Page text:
In the underbrush around me, I heard sounds of a critter stirred by my careless, noisy rising. I judged it to be fairly large and quick, but could see nothing of its contours. I glanced above my head into the trees, thinking of the warning. Flying snakes.

I sat, unheralded by anything or anyone, while the sun began its quiet climb to warm the air around me. My mind shimmered, deprived of its normal chemical stimulant, and I felt my shoulders droop.

A sudden noise snapped me to attention. Surely it came from overhead, in the verdant billowing branches. I heard it again, to one side, but certainly above me. I began to wonder how large a reptile could be that lived in the trees and crossed the air between branches. I thought about what it might eat, and whether it required poison to snare its prey. The sound repeated, louder, closer, lower down, and I sprang to my feet. I felt the sweat rise on my brow and the blood rush, my heart pounding, my hands trembling.

And then, from the bushes, emerged my companion -- holding a thermos in one hand, and a long slender stick in the other.

Our eyes met. Neither of us spoke. He held out the coffee, which I took, and in a few minutes, we sat side by side on the aging wood, sipping the steaming liquid from tin cups, while we chatted about the people whom I would meet at church that morning.

A year later, after he and I had married, his daughter and his niece came to spend the summer in Arkansas with us. We lived down in town, and had a sleeping porch that looked out on the Buffalo River. Here the girls spent their time, giggling, talking, reacquainting themselves with each other after years of separation.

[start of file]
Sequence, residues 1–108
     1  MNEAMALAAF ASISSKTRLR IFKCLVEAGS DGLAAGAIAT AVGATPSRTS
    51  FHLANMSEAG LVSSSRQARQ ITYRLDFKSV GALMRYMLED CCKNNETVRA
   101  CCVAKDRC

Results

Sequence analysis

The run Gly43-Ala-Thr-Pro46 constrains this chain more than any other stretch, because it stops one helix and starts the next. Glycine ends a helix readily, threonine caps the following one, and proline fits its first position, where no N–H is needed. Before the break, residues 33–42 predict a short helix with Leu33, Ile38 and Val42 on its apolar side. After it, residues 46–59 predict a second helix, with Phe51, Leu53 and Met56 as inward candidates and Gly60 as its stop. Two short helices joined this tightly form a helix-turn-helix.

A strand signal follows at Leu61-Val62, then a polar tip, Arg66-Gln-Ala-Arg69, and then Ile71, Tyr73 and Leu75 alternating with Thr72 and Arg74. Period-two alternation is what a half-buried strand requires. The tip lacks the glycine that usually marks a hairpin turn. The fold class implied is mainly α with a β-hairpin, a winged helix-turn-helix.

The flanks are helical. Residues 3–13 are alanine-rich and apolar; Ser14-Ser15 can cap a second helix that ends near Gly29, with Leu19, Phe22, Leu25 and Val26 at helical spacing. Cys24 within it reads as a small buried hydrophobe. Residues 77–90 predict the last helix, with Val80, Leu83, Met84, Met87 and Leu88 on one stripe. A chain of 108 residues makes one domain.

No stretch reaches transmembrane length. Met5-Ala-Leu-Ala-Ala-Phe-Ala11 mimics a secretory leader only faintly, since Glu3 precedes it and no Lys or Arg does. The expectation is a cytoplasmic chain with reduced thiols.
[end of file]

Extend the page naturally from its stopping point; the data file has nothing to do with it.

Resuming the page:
One morning, as I stood in the kitchen frying eggs, I heard a long stream of whispers from the porch where I thought they still slept. I paused, turning my good ear in their direction, with the cautious suspicion of the de facto parent of two pre-teens.

He told her there were flying snakes, I heard one of them say to the other, following which, they both snickered. Flying snakes, get real! the other answered. She never believed that, did she?

Indeed, she did. I finished making breakfast, and called out the front door for my husband, and through the back room for the girls. We assembled. Grace was spoken, as grace is spoken at every table at which I serve food. The girls glanced at each other, the occasional smirk passing across their faces, while I handed round the eggs and bacon. What's the joke, my husband asked, with all the innocence of every charming, handsome man. Their stifled laughter erupted as they surrendered to their amusement. I set my coffee cup down and slid my eyes in his direction. Flying snakes, I told him, and watched as he held a single breath, before his own laughter burst forth.

After a few seconds, I could not help but join them.

More than two decades later, I watch my neighbor start the last phase of the work on their deck. My cats loll on the porch, and a squirrel skitters along the parkway, before shimmying the height of our maple. The morning has grown too hot for me. With a last look at the boards lying on the broken asphalt, I go into the house, to start my day.

Mugwumpishly tendered,

Corinne Corley

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The Missouri Mugwump™

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I've been many things in my life: A child, a daughter, a friend; a wife, a mother, a lawyer and a pet-owner. I've given my best to many things and my worst to a few. I live in Brookside, in an airplane bungalow. I'm an eternal optimist and a sometime-poet. If I ever got a poem published in The New Yorker, I would die a happy woman. I'm a proud supporter of the Arts in Kansas City. I vote Democrat, fly the American flag, cry at Hallmark commercials, and recycle.